If you haven’t started your starter yet, make sure to check out Step 1 and then this image of what your starter will look like after about 24 hours of fermentation.
Has your little bowl of flour and water been sitting for 2 to 3 (or maybe 4 or 5) days? Seeing those bubbles yet? Has your starter formed a nice little crusty upper shell? The “crust” isn’t required, it just kind of happens when air meets flour combined with water.
Once you see a good amount of activity (aka bubbles) when you look through the glass bowl, congrats! You’ve harnessed wild yeasts (and bacteria), and now it’s time to start training them so you can
ride them off into the sunset use them to make unbelievable bread.
This training period is a feeding of your starter and it will allow the community of bacteria and yeast that provide the flavor and rise of sourdough to become stable and reliable. As Chad Robertson says in his book Tartine Bread (from which we are drawing this entire edition of Sourdough Starter School) this is the time to pay attention to how your sourdough changes throughout the fermentation process. Give it a good sniff before and after feeding. What has changed? When do you see the most bubbles? Do you notice a difference in appearance, smell or consistency when the temperature in your home shifts? Give a little attention to all of these things, and you’ll begin to develop a sense of when your starter has stabilized and when it’s ready to use as actual leaven for bread. We’ll discuss both of those over the next 3 days of Sourdough Starter School, but for now, let’s get feeding.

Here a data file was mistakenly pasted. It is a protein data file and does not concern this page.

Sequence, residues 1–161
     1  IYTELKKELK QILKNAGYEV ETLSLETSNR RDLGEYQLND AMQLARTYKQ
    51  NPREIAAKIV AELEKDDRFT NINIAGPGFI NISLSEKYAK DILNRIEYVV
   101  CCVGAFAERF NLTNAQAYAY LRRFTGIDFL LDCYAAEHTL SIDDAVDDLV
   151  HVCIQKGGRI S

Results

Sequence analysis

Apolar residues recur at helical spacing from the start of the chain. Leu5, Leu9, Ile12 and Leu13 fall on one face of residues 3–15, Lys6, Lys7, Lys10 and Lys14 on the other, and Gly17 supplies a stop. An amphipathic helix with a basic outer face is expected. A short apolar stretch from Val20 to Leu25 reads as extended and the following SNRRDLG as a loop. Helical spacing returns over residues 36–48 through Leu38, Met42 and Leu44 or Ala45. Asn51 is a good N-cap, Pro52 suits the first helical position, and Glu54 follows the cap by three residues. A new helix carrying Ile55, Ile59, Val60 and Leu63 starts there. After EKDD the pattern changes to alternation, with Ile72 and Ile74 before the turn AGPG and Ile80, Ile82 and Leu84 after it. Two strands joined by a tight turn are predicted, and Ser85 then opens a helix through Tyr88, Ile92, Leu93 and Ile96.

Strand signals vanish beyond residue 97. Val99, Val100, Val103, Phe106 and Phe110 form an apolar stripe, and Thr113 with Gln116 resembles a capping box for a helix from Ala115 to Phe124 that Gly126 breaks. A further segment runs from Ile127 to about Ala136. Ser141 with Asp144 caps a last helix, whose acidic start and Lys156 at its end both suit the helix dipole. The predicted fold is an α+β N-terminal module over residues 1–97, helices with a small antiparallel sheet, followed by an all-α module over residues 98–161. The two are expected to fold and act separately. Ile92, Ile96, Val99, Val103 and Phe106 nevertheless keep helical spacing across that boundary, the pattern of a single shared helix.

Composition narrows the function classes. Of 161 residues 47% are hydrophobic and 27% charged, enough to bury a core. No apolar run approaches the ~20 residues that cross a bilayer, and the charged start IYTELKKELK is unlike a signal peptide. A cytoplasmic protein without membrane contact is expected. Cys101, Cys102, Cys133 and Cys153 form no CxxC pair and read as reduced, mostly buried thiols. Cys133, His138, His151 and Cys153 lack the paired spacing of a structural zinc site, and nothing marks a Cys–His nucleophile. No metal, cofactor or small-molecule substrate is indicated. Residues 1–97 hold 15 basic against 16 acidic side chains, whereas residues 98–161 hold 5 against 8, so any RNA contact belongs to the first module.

Making Sourdough Starter, Step 2
Adapted from Chad Robertson’s Tartine Bread (essential reading for anyone who wants to make great, naturally-leavened bread at home).
- Small, glass bowl
- clean kitchen cloth
- (optional) kitchen scale
- 20% of the sourdough starter from Step 1
- 50/50 mix of whole wheat and white flour
- lukewarm water, approximately 77°F-80°F (25°C to 26.7°C), but you don’t need to measure temp at this point
Now that a few days have passed and you have a reasonable number of bubbles to prove that fermentation is happening, you’ll need to ditch about 80% of the fermented batter. (Don’t fret about this too much! I’ll have more on the whys on that tomorrow, so if you hate food waste, throw that excess 80% in the fridge for tonight.)
Keep 20% of the starter, and then replace the 80% you tossed out with equal parts flour mix and lukewarm water. You can definitely eyeball this, but if you want to do this more accurately, use a kitchen scale.* So by weight, an example: Let’s say the bubbly starter in your bowl weighs 150 g. You remove 30 g of the starter and add it to a clean bowl. To that same, clean bowl, add 60 g of lukewarm water and 60 g of flour mix. You’ll be back to the original 150 g.
Use clean hands to mix everything together until you have a thick batter. Scrape as much as you can off your hands and from around the sides of the bowl. Cover the bowl with a cloth and rubber band and let it sit for about 24 hours.
Next steps will be posted tomorrow.
New here? Start Here:
- Step 1 (Days 1-3) – Let’s Get This Starter Started
- What your starter will look like after 24 hours of fermentation
- Step 2 (Days 3-7) – Stabilizing Your Starter (You Are Here)
- Why You Should Do a “Low-proportion” Sourdough Feeding
- 4 Things to Make with Excess Starter
- Getting Ready to Actually Bake a Loaf! Equipment and Starter Health Check
- Preparing the Leaven
- (Up Tuesday) Mixing the Dough and Bulk Fermentation
- (Up Wednesday) Dividing, Shaping, Final Rise
- (Up Thursday) Baking and Cooling
*I’ve made this both ways. You will want to use a kitchen scale for the actual bread-making parts of this process, but at this stage, eyeballing is totally fine. In fact, I haven’t noticed any difference between weighing and eyeballing.